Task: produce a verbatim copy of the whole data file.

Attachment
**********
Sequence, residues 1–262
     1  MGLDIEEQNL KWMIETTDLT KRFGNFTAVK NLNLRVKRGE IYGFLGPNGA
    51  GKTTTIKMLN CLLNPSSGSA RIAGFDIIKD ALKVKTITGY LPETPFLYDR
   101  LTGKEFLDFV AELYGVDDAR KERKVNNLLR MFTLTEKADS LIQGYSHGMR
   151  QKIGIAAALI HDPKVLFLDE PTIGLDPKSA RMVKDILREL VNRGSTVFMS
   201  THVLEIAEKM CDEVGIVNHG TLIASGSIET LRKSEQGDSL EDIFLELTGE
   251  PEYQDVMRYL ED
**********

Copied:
Sequence, residues 1–262
     1  MGLDIEEQNL KWMIETTDLT KRFGNFTAVK NLNLRVKRGE IYGFLGPNGA
    51  GKTTTIKMLN CLLNPSSGSA RIAGFDIIKD ALKVKTITGY LPETPFLYDR
   101  LTGKEFLDFV AELYGVDDAR KERKVNNLLR MFTLTEKADS LIQGYSHGMR
   151  QKIGIAAALI HDPKVLFLDE PTIGLDPKSA RMVKDILREL VNRGSTVFMS
   201  THVLEIAEKM CDEVGIVNHG TLIASGSIET LRKSEQGDSL EDIFLELTGE
   251  PEYQDVMRYL ED